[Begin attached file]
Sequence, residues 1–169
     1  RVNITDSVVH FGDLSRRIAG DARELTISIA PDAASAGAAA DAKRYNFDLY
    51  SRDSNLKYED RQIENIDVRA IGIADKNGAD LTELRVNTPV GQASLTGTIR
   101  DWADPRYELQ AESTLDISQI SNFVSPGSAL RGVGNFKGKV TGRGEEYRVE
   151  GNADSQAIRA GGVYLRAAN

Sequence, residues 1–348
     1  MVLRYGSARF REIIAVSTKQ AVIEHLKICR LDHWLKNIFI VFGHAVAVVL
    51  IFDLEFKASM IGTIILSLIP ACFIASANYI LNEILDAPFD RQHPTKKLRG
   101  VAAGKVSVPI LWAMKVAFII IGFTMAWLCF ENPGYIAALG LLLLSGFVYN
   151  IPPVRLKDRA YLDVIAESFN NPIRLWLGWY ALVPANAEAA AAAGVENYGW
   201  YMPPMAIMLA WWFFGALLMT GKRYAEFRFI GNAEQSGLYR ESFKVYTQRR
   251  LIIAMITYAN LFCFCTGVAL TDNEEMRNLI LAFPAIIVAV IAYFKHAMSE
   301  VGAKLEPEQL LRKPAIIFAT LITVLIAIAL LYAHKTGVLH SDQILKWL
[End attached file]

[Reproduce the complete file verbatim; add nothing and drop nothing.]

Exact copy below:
Sequence, residues 1–169
     1  RVNITDSVVH FGDLSRRIAG DARELTISIA PDAASAGAAA DAKRYNFDLY
    51  SRDSNLKYED RQIENIDVRA IGIADKNGAD LTELRVNTPV GQASLTGTIR
   101  DWADPRYELQ AESTLDISQI SNFVSPGSAL RGVGNFKGKV TGRGEEYRVE
   151  GNADSQAIRA GGVYLRAAN

Sequence, residues 1–348
     1  MVLRYGSARF REIIAVSTKQ AVIEHLKICR LDHWLKNIFI VFGHAVAVVL
    51  IFDLEFKASM IGTIILSLIP ACFIASANYI LNEILDAPFD RQHPTKKLRG
   101  VAAGKVSVPI LWAMKVAFII IGFTMAWLCF ENPGYIAALG LLLLSGFVYN
   151  IPPVRLKDRA YLDVIAESFN NPIRLWLGWY ALVPANAEAA AAAGVENYGW
   201  YMPPMAIMLA WWFFGALLMT GKRYAEFRFI GNAEQSGLYR ESFKVYTQRR
   251  LIIAMITYAN LFCFCTGVAL TDNEEMRNLI LAFPAIIVAV IAYFKHAMSE
   301  VGAKLEPEQL LRKPAIIFAT LITVLIAIAL LYAHKTGVLH SDQILKWL